Beginning in 1810, von Humboldt was the chief Prussian diplomat in Vienna; in 1813, he became ambassador to the British Court. In 1819, he became minister for Estate (Diet) Affairs, but soon resigned in protest against Metternich’s Karlsberg Decrees, which introduced more censorship and other repressive policies. At that point, he decided to withdraw from politics and devoted his life to his family and to academic research until his death in 1835. His political thought can be found in The Limits of State Action: “The true end of Man,” he wrote,

or that which is prescribed by the eternal and immutable dictates of reason, and not suggested by vague and transient desires, is the highest and most harmonious development of his powers to a complete and consistent whole. Freedom is the first and indispensable condition which the possibility of such a development pre‐​supposes; but there is besides another essential—intimately connected with freedom, it is true—a variety of situations. Even the most free and self‐​reliant of men is hindered in his development, when set in a monotonous situation.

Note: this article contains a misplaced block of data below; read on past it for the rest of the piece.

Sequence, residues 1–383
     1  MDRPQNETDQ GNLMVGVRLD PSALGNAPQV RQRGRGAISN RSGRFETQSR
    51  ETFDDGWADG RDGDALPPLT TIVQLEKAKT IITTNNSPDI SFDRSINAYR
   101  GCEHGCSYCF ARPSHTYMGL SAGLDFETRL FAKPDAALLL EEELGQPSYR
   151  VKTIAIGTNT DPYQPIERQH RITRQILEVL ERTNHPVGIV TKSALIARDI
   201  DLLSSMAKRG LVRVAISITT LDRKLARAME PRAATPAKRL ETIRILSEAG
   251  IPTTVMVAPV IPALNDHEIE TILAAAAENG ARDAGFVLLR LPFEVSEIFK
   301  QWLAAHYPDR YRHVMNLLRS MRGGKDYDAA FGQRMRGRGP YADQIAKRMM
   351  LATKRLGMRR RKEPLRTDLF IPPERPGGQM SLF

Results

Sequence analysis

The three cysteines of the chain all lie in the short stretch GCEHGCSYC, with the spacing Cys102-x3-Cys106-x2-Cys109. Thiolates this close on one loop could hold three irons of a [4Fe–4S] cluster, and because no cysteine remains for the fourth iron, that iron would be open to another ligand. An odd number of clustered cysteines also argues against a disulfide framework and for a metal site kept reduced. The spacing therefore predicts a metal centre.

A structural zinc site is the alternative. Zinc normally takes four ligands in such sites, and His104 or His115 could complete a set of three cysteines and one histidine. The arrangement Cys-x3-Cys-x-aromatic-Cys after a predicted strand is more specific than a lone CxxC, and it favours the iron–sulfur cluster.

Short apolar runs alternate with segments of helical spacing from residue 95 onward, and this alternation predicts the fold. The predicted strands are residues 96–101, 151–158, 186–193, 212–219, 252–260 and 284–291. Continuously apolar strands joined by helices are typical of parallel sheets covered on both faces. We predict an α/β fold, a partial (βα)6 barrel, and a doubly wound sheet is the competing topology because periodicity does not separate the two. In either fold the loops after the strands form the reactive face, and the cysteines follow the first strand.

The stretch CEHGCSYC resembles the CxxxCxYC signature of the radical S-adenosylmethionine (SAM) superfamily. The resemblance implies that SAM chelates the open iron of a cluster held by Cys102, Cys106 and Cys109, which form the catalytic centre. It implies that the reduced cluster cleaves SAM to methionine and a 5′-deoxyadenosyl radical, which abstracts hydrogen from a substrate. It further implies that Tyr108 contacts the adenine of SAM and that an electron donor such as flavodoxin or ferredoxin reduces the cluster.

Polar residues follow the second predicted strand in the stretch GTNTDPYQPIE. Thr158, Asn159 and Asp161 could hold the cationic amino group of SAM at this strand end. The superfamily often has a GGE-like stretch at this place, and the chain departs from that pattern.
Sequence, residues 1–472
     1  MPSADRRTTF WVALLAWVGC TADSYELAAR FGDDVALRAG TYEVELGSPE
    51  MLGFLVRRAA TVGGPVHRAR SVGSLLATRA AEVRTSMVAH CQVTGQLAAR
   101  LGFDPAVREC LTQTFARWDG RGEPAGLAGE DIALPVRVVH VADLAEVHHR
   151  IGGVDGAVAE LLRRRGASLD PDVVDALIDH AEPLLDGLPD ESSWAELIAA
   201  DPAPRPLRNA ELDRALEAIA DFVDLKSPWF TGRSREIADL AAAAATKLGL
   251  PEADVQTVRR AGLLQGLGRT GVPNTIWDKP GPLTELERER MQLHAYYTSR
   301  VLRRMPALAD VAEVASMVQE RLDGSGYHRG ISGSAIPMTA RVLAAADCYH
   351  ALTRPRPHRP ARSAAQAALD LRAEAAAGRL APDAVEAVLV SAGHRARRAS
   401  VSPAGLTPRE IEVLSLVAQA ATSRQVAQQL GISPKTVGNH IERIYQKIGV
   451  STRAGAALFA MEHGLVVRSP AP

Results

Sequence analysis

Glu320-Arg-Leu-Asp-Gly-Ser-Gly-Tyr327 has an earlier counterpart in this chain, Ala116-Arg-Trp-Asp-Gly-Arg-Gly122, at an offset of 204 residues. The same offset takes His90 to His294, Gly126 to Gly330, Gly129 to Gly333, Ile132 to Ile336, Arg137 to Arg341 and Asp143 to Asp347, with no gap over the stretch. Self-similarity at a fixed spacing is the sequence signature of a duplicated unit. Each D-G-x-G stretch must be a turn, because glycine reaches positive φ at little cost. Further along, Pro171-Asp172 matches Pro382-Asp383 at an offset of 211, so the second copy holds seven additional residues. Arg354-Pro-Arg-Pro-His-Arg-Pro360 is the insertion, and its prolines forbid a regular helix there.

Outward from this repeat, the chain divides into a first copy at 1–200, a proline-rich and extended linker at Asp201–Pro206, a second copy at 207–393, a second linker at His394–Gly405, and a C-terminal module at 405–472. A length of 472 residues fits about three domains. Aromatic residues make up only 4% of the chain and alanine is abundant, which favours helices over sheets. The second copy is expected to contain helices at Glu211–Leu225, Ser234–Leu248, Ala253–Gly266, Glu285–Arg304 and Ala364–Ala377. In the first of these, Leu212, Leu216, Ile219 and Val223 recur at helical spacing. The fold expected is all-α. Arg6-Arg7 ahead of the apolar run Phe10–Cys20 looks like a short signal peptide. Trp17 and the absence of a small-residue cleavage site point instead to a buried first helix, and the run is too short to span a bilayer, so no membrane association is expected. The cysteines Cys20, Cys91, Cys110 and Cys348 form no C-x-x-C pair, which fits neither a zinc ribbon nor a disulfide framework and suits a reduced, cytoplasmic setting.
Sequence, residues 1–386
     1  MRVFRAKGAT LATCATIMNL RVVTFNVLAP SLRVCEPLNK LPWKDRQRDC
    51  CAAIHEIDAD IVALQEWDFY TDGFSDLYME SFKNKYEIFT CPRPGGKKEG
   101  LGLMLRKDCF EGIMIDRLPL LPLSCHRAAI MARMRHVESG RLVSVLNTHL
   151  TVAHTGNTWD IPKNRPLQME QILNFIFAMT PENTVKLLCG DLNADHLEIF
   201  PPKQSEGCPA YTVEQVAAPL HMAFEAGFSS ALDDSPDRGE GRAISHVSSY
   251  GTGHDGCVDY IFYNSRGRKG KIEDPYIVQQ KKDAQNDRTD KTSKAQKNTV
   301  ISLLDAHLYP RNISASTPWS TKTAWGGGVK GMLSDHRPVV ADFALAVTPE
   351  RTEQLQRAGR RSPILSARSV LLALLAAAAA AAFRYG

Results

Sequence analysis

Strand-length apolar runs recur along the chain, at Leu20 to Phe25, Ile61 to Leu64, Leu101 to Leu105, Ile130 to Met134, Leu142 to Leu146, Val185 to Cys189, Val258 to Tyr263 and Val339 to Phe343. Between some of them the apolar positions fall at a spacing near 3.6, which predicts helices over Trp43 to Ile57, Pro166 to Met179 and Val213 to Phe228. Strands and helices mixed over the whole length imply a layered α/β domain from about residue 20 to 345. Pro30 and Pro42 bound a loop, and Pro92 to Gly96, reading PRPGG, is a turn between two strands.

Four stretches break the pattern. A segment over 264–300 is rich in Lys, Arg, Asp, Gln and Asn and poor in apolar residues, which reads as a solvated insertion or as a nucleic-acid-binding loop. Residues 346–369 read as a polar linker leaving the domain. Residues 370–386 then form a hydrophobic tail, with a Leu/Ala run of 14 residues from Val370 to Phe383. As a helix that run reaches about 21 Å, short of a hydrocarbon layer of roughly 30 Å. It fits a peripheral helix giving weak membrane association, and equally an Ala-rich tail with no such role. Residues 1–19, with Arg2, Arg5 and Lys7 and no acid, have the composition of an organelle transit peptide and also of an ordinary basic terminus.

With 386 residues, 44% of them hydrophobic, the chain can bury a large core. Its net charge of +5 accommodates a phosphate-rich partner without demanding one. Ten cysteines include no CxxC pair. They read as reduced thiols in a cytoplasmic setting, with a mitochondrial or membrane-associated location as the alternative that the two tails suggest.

Thus, he concluded that only a minimal state that secured internal and external peace and security was legitimate. A state that provided for more would inevitably encourage conformism and uniformity. Von Humboldt’s concept of self‐​education is distinguishable from similar traditional Aristotelian concepts. Aristotelian essentialism aimed at humans developing themselves as the realization of a general ideal of mankind, whereas von Humboldt believed in the development of the individual with all his individual peculiarities. Von Humboldt’s views deeply influenced John Stuart Mill, who had read the first translation of The Limits of State Action when it appeared in 1854. In his famous treatise, On Liberty (1859), Mill often referred to von Humboldt as his intellectual inspiration who helped him to overcome his narrow utilitaristic philosophy.